Living the long life

As I approach my 46th birthday, I find myself contemplating longevity on dog walks or my long runs. My father was buried on what would have been his 48th birthday,  only five days after my 18th birthday.

That single event in my life shattered any casual attitudes I had towards life. My father wouldn’t be there the day I got married, he would never hold my son and never witnessed my graduation from college and subsequent graduate degrees I hold.

I learned that life was something to be nurtured. Cherished. Protected.

Once when he was very little my son was worried about his Great-grandmother who was sick. I warned him that she was getting to the point where her body wasn’t as sharp as her mind. My son asked me to help him so that he would never die. I told him I couldn’t do that, but I promised to do everything in my power to help him stay healthy and strong so that he could live all of his dreams.

Kale. Run. Dance. Sleep. Bike. Swim. Music. Friends. Sunscreen. More kale.

This is the doctrine in our house that keeps us going. We will go kicking, screaming, but also laughing and singing on our way out.

On a less personal note, one of my favorite orchestras is slowly dying. The Minnesota Orchestra has been in one of the longest labor disputes in history for a major American orchestra. For eleven months the musicians have been locked out, forced to stay home with no pay and no health benefits. One of America’s top ten orchestras is slowly emptying as musicians are forced to find work elsewhere.

Management has ignored their proposals. Not only did they reject every one of the musician’s proposals, they are now ignoring a prominent and powerful mediator, former Senator George F. Mitchell.

From the facebook group “Musicians of the Minnesota Orchestra”:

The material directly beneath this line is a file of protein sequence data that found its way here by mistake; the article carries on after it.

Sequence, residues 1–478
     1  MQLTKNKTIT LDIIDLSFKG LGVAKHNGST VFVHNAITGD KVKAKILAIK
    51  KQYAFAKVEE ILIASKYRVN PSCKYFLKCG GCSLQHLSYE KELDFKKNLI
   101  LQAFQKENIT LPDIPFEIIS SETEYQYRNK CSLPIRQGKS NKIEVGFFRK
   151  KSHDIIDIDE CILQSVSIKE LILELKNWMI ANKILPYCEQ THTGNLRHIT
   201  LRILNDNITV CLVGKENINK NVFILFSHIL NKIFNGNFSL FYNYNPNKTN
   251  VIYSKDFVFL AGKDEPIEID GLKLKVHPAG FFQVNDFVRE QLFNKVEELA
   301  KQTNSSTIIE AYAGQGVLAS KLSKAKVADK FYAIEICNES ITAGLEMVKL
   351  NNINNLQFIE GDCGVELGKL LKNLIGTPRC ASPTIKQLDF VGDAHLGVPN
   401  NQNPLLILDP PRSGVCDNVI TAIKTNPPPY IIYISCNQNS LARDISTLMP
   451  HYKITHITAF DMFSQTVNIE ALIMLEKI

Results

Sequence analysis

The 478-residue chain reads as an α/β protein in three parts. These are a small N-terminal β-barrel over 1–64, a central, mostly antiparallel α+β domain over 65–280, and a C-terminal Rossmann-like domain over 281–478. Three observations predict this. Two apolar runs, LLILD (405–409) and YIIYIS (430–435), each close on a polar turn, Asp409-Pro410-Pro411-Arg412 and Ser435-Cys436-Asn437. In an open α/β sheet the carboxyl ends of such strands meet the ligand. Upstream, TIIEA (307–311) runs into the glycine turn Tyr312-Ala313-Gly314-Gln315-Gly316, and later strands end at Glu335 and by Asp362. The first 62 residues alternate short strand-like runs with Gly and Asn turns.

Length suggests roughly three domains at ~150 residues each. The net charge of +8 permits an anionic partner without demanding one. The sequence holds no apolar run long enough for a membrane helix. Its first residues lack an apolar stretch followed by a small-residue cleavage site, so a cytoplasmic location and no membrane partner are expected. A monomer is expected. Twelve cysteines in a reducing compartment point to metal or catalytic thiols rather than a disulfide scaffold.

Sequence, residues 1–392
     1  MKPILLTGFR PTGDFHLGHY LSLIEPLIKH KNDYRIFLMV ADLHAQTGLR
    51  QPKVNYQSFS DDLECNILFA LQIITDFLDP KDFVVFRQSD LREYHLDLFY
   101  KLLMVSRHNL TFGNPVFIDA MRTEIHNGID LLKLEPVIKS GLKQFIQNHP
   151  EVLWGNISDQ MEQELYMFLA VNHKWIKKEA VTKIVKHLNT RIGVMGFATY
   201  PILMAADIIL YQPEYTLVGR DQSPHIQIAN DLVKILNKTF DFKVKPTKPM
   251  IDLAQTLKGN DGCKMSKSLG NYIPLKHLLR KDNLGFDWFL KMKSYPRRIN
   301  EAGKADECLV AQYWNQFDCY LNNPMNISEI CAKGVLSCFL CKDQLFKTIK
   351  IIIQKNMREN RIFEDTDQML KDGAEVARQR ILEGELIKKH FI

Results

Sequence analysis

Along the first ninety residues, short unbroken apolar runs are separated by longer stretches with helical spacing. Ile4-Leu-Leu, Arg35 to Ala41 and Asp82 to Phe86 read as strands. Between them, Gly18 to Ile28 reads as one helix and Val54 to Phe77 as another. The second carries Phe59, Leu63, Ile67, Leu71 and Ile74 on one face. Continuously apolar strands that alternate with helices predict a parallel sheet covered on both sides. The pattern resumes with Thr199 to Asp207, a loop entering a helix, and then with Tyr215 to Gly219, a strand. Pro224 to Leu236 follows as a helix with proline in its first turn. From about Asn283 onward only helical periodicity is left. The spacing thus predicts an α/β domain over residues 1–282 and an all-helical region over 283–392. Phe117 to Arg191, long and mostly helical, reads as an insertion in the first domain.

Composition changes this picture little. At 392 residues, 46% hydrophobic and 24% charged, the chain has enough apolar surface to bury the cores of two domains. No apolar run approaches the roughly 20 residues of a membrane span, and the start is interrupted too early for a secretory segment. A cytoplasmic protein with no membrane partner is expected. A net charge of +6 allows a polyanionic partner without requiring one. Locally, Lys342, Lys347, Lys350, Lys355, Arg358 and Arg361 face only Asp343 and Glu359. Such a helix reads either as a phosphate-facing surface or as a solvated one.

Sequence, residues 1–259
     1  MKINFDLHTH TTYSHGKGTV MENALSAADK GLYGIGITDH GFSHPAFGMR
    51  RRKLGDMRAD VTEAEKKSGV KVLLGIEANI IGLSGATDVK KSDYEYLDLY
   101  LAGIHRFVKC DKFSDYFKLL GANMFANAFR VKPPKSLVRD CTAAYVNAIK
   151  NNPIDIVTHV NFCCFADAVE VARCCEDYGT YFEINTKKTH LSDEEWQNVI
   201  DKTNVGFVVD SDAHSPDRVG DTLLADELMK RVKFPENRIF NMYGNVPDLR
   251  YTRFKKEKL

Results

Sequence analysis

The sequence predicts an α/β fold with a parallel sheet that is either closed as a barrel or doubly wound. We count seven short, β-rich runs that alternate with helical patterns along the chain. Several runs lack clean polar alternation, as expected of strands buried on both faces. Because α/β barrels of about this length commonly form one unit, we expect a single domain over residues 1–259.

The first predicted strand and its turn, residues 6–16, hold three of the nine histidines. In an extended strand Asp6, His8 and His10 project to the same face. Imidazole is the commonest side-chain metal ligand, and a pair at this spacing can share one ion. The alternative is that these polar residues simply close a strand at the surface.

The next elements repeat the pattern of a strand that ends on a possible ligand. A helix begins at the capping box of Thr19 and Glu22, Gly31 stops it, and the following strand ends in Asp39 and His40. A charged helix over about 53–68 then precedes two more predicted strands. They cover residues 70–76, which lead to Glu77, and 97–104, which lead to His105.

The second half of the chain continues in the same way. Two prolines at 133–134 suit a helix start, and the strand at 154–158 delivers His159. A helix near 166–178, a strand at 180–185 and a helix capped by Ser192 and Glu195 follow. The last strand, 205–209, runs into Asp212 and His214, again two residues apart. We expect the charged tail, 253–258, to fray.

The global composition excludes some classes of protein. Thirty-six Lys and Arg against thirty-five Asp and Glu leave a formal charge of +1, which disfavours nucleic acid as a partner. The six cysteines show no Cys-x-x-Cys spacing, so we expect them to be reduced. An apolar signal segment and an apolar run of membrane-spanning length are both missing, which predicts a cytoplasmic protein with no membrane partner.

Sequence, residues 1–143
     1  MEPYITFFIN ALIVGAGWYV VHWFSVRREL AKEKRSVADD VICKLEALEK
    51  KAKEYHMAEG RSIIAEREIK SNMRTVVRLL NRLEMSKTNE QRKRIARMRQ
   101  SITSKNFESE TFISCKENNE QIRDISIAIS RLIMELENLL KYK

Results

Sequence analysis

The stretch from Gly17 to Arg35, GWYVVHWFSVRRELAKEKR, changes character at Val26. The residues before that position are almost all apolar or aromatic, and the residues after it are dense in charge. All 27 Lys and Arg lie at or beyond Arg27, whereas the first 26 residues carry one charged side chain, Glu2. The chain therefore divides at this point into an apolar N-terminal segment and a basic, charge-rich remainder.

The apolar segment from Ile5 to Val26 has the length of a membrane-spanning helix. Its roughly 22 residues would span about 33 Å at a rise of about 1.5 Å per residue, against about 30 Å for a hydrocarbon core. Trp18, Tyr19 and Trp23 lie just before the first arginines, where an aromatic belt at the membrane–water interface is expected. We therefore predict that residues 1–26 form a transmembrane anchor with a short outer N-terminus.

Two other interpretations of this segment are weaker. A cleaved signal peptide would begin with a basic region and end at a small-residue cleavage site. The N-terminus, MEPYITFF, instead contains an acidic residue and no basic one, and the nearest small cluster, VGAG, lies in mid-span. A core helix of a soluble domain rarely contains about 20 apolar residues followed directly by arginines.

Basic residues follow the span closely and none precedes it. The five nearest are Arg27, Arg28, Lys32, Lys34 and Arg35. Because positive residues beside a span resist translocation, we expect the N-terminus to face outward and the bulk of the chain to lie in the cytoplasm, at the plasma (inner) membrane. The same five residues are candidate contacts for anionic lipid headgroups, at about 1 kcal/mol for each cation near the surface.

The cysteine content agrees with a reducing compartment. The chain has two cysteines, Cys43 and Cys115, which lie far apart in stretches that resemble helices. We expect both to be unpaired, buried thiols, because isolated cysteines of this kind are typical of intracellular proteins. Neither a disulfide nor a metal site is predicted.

Eleven months ago, the MOA locked out the Musicians of the Minnesota Orchestra. When our audience rose up and decried the lockout, the MOA locked out the audience. When major donors objected to to the lockout, the MOA locked out the donors. When thousands of Minnesotans wrote, called, and e-mailed the MOA to demand an end to the lockout, the MOA barricaded itself inside its offices and locked out the entire community.

And when one of the world’s most admired and respected diplomats agreed to step in and help to mediate, the MOA rejected his carefully considered plan for moving forward, locked the mediator they had selected out of the bargaining process, and went back to issuing disingenuous press releases intended to smear the musicians and our supporters.

On this Labor Day, after eleven months without salary or health insurance, the Musicians of the Minnesota Orchestra still stand united and strong. But we also stand with our audience, with our donors, and with all those thousands of Minnesotans as we call, one more time, for the MOA to accept the mediator’s proposal, end the lockout, and stop the ongoing destruction of one of our state’s (and our country’s) great arts institutions.

It was recently revealed that two years ago the Minnesota Board deliberately purchased all domain names entitled “Save Our Orchestra” or variations on that theme. They also have ridiculed the power of blogs, prompting conductor William Eddins to call for a day of blogging, called “Labor Day Madness,” to draw attention to the dispute. His call to action is short but concise:

http://www.insidethearts.com/sticksanddrones/2013/08/30/billeddins/13974/

Support your musicians. Go to concerts. Write to the boards,–especially the Minnesota Orchestra board. Orchestras are run like businesses now, often financing expensive renovations to concert halls while simultaneously demanding that musicians take enormous pay cuts. Live music depends on YOU, our audiences. You might feel the thrill of connecting to a particular performer on stage, or feel the floor vibrate as the music swells. You don’t have to understand it, or be educated. We will move you, we will give to you, if you nurture us and help us live long lives as professional musicians.

Life. Music. Dance. And leafy greens. Life without art would be barren and soul-less. Let musicians into your life; it will help you live the long life you deserve!

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